Recent report has revealed that the fingerprint scanner on the new Samsung Galaxy S5 is not really all that secure.
Germany’s Security Research Labs (SRLabs) researchers in a video posted on YouTube demonstrated that “how flaws in the implementation of fingerprint authentication in the Samsung Galaxy S5 expose users’ devices, data, and even bank accounts to thieves and other attackers.”
They claimed that the fingerprint scanner on the smartphone could be fooled by using a “wood glue spoof”. Samsung is yet to comment on the report.
The researchers said they used the same spoof that was used last year to show off vulnerabilities within fingerprint security systems using the Apple iPhone 5s and its Touch ID feature. They said the spoof was made from nothing “but a camera phone photo of an unprocessed latent print on a smartphone screen.”
Although the researchers used the same method, SRLabs said that Samsung’s fingerprint scanner technology was less safe than others. The researcher in the video showed that Samsung’s fingerprint scanner allowed for unlimited authentication attempts without requiring a password.
The researchers in the video showed how hackers could exploit the flaw in Samsung’s device to trigger money transfers via PayPal.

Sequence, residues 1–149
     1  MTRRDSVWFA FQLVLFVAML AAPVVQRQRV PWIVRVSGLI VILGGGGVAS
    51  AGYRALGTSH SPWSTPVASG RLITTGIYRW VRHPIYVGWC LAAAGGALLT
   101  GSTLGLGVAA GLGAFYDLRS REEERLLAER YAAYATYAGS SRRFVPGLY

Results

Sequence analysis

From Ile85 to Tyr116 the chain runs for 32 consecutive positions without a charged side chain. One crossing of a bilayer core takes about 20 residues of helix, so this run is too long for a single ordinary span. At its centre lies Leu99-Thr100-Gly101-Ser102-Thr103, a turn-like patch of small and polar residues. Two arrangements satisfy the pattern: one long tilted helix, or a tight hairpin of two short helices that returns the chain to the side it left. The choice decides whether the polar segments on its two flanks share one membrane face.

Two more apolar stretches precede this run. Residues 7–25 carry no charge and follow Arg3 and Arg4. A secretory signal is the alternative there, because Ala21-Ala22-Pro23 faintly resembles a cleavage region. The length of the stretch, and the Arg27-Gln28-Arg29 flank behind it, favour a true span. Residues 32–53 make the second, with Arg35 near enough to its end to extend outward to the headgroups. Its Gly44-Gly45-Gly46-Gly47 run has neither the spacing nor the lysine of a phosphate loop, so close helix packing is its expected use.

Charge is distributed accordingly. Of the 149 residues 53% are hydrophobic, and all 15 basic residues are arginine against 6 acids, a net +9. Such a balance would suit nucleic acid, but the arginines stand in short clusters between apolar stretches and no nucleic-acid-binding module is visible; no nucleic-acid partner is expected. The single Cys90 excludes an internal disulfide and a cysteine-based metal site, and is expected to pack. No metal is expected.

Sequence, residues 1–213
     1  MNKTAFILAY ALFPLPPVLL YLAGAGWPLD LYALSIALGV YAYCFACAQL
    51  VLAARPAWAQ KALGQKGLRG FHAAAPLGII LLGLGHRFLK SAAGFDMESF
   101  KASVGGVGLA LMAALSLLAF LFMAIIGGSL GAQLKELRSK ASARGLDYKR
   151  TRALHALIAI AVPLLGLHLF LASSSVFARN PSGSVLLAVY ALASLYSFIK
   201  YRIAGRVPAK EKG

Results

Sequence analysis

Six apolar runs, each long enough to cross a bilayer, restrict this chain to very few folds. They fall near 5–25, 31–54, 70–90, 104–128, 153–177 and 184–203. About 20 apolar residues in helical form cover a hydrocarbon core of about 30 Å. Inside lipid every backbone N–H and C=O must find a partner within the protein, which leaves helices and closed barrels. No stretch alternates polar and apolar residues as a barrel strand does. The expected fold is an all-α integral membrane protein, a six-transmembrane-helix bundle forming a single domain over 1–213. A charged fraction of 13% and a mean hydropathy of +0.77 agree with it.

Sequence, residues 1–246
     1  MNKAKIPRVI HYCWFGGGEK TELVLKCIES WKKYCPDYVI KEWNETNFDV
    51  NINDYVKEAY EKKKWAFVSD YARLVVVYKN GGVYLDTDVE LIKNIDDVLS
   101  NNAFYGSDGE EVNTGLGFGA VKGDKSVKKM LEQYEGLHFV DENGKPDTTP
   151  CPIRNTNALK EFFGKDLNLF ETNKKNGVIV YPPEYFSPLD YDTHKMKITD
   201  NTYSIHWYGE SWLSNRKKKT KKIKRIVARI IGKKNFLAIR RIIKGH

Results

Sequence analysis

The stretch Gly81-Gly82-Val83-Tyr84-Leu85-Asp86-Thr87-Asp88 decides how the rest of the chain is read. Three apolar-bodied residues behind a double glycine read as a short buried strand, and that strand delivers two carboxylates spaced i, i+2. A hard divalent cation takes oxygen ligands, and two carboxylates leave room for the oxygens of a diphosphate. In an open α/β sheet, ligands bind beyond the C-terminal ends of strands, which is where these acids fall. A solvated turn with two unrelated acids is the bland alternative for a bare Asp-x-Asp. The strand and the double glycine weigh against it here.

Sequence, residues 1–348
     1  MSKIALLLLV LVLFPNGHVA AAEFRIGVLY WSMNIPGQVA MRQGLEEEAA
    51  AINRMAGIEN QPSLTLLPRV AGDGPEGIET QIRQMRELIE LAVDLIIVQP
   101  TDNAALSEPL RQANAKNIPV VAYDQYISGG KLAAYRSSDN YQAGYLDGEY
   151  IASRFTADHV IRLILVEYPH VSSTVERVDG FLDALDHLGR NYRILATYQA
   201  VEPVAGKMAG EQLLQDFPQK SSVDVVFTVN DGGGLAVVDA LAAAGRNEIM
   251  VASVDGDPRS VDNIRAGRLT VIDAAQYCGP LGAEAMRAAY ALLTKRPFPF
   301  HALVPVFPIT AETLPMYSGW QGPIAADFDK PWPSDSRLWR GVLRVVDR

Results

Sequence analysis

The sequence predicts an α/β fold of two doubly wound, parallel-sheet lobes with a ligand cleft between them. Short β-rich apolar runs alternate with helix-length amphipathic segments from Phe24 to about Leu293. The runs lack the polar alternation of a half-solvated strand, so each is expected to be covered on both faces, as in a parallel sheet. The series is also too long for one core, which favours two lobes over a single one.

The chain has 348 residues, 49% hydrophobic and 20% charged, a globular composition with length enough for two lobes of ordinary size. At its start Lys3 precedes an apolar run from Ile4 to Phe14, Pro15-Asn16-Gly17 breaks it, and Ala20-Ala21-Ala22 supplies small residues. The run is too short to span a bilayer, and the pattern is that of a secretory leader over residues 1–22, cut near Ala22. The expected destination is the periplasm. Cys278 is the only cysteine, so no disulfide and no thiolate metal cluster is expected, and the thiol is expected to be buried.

“Samsung does not seem to have learned from what others have done less poorly,” Security Research Labs said. “Incorporation of fingerprint authentication into highly sensitive apps such as PayPal gives a would-be attacker an even greater incentive to learn the simple skill of fingerprint spoofing.”
In a statement on Tuesday PayPal said “While we take the findings from Security Research Labs very seriously, we are still confident that fingerprint authentication offers an easier and more secure way to pay on mobile devices than passwords or credit cards. PayPal never stores or even has access to your actual fingerprint with authentication on the Galaxy S5.”
PayPal added “The scan unlocks a secure cryptographic key that serves as a password replacement for the phone. We can simply deactivate the key from a lost or stolen device, and you can create a new one. PayPal also uses sophisticated fraud and risk management tools to try to prevent fraud before it happens. However, in the rare instances that it does, you are covered by our purchase protection policy.”